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Rice storage facilities to be built with ADB assistance

Chhut Bunthoeun / Khmer Times Share:
Kao Thach (left), RDB director, exchanges documents after signing agreements with Rice-SDP and rice millers. RDB

With $10 million in financial assistance provided by the Asian Development Bank (ADB), selected rice millers in Battambang, Kampong Thom, and Prey Veng provinces will soon build warehouses and silos to expand their storage capacity.

Kao Thach, director of the state-own Rural Development Bank, told Khmer Times yesterday that a total of six rice millers will gain access to the money to build the storage facilities.

Mr Thach said five companies have already signed agreements with RDB to take out the loans. The last rice miller will soon be selected, Mr Thach said, adding that this sixth company will be based in Prey Veng province.

The first five agreements were signed between the companies, RDB, and the Climate Resilient Rice Commercialisation Sector Development Programme (Rice-SDP) of the Ministry of Economy and Finance last week.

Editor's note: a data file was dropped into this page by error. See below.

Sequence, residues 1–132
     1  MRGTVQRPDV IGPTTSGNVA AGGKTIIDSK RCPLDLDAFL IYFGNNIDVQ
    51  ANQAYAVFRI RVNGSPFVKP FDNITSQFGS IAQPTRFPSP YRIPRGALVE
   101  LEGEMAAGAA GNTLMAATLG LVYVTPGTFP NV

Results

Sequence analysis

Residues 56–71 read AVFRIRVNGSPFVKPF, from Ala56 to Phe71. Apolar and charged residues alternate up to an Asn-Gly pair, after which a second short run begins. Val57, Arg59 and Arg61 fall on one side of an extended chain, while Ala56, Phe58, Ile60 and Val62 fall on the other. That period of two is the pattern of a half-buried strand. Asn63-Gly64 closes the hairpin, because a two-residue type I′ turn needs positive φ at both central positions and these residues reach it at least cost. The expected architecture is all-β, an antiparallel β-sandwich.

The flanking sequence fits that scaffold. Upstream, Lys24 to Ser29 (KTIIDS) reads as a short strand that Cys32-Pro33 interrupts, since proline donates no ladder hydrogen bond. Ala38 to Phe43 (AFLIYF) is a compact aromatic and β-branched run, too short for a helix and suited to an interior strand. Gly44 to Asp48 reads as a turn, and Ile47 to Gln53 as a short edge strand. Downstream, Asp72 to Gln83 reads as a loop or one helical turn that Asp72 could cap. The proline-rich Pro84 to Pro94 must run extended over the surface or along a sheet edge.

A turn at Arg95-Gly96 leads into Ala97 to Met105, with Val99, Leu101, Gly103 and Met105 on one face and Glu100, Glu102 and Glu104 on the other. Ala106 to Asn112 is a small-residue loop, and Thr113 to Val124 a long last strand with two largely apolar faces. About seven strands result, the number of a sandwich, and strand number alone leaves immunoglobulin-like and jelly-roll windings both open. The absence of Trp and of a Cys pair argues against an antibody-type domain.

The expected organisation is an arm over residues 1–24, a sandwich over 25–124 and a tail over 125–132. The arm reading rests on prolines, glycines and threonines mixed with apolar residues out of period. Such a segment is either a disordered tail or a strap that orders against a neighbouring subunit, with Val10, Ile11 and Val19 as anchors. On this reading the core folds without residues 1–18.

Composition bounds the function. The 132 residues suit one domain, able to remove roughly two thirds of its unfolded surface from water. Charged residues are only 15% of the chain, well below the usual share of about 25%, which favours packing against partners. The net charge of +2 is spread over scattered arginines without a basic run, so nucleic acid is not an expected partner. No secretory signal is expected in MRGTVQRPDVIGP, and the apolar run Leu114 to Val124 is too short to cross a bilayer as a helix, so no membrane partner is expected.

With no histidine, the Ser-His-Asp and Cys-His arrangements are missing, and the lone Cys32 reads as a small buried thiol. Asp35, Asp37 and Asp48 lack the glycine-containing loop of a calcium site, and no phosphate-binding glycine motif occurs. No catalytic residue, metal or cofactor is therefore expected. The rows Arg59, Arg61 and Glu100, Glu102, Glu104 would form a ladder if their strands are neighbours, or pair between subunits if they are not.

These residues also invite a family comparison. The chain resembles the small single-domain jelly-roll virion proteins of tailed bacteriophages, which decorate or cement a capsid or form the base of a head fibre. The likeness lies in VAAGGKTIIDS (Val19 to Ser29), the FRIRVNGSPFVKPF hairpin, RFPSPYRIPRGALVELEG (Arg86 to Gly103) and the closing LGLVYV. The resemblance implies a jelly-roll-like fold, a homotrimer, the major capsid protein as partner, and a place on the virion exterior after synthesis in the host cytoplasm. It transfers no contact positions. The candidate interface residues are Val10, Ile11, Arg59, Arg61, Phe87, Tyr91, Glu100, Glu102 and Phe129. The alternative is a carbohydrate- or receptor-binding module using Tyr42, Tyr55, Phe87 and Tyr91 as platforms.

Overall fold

“So far, we have signed deals with five rice millers: two in Battambang, two in Kampong Thom and one in Prey Veng province,” he said, adding that two storage facilities will be built in each of these provinces.

Mr Thach said the loans mature in 10 years but did not go into details regarding the interest rate.

“The goal of these loans by ADB is to boost rice millers’ exports,” he said, adding that when having access to enough storage room, these companies will buy more from farmers, helping stabilise the price of paddy rice.

According to the latest report from the Ministry of Agriculture, during the first nine months of the year, Cambodia’s exports of milled rice grew by a moderate 2.3 percent compared with the same period last year.

The same report notes that China was the largest buyer of Cambodian milled rice, importing 157,793 tonnes from January to September. This is equal to 40 percent of Cambodia’s milled rice exports. China is followed by France and Gabon, with 53,723 tonnes and 21,682 tonnes, respectively.

Earlier this year, the European Union imposed tariffs on imports of Cambodian rice to protect European producers.

As a result of the levies, during the first half of 2019, Cambodia’s milled rice exports to the EU fell by almost 50 percent compared with the first half of 2018, Lun Yeng, secretary-general of the Cambodian Rice Federation, told Khmer Times in August.

“Overall, exports to the EU are down, but, fortunately, exports to other markets are increasing,” he said.

He pointed out that the local rice sector continues to thrive, mostly due to a rise in shipments to China.

The Rice Federation recently reaffirmed its commitment to grow the country’s rice exports to 1 million tonnes a year by 2022. This goal was originally set for 2015 but was not achieved.

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